Artist file


Viktoria Binschtok * 1972 in Moscou, lives in Berlin

Viktoria Binschtok studied with Timm Rautert in Leipzig. She featured in his Meisterklasseshow of 2006, then in the 2016 exhibition Caméra(auto)contrôle, both at the CPG. She has developed a fascinating skein of confusion between digital reality and analogue virtuality while at the same time questioning our customary ways of perceiving. In her work Viktoria Binschtok questions the medium and its codes. She starts from the acknowledgement that a photograph is not a representation of realit [...]

Viktoria Binschtok studied with Timm Rautert in Leipzig. She featured in his Meisterklasseshow of 2006, then in the 2016 exhibition Caméra(auto)contrôle, both at the CPG. She has developed a fascinating skein of confusion between digital reality and analogue virtuality while at the same time questioning our customary ways of perceiving. In her work Viktoria Binschtok questions the medium and its codes. She starts from the acknowledgement that a photograph is not a representation of reality, just a reference. In 2002, for example, she was buying globes on the internet and exhibiting them in their shipping carton while showing only photos of the globes that are posted on eBay. With World as a Detail, she continues to make use of the internet, Google Street View to be precise, as her prime purveyor of images. Countering the platitude of downloaded images, which she enlarges as black-and-white prints in the usual format of street photography, Binschtok goes to the very site in question to lend her shots a depth that bears no comparison with Google Street View images.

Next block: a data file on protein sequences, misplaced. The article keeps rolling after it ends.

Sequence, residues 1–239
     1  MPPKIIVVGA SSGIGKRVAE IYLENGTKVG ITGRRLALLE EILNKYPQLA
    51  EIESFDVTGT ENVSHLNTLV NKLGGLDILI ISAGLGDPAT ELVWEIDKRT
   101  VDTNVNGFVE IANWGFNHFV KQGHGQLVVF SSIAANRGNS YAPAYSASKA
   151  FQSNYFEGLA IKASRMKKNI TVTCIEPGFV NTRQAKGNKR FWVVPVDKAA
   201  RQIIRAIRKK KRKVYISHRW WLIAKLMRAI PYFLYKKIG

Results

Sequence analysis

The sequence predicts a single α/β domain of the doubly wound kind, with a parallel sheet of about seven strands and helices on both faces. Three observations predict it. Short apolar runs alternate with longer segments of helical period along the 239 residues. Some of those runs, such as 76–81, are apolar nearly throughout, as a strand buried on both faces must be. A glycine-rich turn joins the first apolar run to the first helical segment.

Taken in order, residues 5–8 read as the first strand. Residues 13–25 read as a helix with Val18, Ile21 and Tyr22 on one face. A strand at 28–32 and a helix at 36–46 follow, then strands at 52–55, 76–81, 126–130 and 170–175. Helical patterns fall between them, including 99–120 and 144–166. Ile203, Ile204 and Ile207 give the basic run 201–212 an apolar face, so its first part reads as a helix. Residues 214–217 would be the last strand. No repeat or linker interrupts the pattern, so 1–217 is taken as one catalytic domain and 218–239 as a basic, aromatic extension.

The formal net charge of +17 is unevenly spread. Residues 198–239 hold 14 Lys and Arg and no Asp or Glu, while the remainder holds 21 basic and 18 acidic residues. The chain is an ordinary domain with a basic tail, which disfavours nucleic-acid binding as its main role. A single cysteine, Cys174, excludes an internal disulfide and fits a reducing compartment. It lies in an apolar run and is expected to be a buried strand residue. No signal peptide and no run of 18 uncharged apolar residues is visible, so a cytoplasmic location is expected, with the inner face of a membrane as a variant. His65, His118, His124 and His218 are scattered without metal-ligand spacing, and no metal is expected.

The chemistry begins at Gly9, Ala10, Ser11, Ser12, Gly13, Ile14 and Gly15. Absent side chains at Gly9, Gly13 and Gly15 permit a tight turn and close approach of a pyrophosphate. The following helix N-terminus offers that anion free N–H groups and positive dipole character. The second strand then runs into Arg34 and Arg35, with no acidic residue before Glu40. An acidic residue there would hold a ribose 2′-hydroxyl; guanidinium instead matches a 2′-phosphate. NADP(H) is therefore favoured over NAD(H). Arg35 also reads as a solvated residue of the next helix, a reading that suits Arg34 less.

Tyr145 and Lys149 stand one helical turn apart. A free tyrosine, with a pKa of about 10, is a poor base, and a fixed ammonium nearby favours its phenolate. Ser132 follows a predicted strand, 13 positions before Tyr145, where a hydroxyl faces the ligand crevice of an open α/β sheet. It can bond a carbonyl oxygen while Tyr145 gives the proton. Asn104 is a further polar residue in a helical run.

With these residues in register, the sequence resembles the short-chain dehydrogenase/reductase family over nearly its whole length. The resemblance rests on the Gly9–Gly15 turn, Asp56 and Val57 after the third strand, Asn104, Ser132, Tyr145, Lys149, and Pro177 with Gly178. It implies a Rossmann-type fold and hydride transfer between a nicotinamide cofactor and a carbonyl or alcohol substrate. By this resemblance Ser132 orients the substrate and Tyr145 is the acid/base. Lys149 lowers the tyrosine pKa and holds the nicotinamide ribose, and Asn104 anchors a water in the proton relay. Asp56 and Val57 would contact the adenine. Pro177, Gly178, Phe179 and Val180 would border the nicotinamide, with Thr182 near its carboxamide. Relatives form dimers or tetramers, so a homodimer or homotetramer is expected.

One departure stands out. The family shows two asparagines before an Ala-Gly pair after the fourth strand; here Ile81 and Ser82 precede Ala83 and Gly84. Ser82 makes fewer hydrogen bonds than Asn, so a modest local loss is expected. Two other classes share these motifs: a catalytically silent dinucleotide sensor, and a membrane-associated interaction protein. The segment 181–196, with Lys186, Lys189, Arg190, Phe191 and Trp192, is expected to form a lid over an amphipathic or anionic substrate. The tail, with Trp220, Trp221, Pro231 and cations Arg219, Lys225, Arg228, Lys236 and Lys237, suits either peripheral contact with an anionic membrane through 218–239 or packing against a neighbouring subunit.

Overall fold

She literally materialises the incessant flow of Internet pictures by reconstructing an online image into a high-resolution version, as in the Networked Imagesseries to which Legs and Knives belongs. This photomontage is broken down into four vertical representations. The two central elements, showing legs clad in fishnet stockings, are adjoined on either side by scaled-up Internet pictures of box cutters, a handle repeating the same motif as the stockings.

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